The Lady of the Stream
Grayling are among the most beautiful and most respected freshwater fishes in the northern hemisphere.
Their beauty; their habit of testing almost anything - including the angler - on the surface of the water; their shoaling instinct; the tendency to 'corkscrew' when hooked and fight seemingly forever make them a truly attractive and sporting fish.
Grayling differ from trout in their feeding behaviour and reactions to fly patterns. Their habitat is generally similar to trout, as is their diet. However, whereas trout operate at most levels in the river system, the grayling tends to favour nymphs, caddis larvae and shrimps before surface feeding.
As one of nature's sublime contradictions, however, you can bet your boots that on a day when there is not a trout rise in sight the grayling will be pushing their nebs up to take surface fly like there was no tomorrow.
Grayling often glide up from considerable depths to intercept a floating fly. Because they come from so deep and their mouth is much lower down the jaw than that of a trout, a surface fly is taken by the grayling in a near vertical position, quite unlike the trout which generally just raises its position in the stream without changing its orientation.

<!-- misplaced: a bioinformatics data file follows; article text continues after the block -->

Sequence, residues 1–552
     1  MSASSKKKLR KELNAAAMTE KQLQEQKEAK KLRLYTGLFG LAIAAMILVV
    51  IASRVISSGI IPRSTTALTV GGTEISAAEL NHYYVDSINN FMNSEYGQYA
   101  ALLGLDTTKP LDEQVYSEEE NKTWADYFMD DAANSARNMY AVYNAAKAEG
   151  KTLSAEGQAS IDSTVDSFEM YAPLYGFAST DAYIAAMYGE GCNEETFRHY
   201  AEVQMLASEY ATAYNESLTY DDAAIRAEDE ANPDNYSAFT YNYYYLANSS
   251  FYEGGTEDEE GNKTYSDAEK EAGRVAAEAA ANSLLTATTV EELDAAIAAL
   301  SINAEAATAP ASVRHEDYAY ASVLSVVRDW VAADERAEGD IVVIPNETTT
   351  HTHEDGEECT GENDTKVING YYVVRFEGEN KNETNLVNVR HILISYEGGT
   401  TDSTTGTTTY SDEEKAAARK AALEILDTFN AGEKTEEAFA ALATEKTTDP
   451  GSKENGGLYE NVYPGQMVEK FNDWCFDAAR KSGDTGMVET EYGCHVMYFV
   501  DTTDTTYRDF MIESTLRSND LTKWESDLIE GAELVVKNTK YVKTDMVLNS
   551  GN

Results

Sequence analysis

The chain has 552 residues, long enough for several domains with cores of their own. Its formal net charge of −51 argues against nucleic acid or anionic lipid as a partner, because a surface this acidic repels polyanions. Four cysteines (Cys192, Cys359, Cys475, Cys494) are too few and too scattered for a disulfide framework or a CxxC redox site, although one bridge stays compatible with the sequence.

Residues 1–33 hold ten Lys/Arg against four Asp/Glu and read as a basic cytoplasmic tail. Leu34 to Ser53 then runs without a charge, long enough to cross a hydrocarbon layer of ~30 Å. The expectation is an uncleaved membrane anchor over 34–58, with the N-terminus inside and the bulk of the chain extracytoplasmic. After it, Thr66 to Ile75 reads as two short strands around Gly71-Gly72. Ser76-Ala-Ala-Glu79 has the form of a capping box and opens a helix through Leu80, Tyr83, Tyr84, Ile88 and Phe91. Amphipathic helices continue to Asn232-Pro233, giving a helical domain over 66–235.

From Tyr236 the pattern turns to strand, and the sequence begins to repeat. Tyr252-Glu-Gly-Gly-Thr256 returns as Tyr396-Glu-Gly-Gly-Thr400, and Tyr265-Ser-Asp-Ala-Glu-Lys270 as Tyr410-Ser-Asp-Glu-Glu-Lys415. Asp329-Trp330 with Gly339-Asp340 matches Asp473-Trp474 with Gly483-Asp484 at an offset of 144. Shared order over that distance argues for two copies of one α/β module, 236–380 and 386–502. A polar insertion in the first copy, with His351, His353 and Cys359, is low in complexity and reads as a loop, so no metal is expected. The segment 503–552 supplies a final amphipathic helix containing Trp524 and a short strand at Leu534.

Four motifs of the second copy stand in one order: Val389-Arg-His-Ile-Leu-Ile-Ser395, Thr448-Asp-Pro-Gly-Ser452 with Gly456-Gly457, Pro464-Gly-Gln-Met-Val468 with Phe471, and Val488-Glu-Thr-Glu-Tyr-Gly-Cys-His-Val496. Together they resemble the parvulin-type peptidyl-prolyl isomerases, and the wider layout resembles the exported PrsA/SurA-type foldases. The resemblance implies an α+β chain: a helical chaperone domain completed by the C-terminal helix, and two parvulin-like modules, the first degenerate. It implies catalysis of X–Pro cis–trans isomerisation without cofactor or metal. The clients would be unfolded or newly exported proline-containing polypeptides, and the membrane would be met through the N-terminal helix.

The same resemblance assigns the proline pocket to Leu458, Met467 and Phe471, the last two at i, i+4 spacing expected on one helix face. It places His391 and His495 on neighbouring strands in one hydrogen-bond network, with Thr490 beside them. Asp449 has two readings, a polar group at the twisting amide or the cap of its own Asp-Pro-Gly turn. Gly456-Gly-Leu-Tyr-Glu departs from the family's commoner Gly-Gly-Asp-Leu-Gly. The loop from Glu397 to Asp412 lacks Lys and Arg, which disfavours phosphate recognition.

A True Game Fish
Grayling have a tendency to shoal, so although they're not always easy to locate, once you've found one, you've found several, at least for a while. They are generally a more popular angler's fish in the autumn and winter.
A grayling hooked in, say, November is usually a stronger opponent than one caught in July. However, do not be mislead into thinking grayling are only worth fishing for after the trout season.
A summer grayling is still an excellent hard fighting and challenging fish and, whenever you catch one you can be sure it will fight in a more dogged manner than a trout and use the currents and downstream pressure of the water to resist you.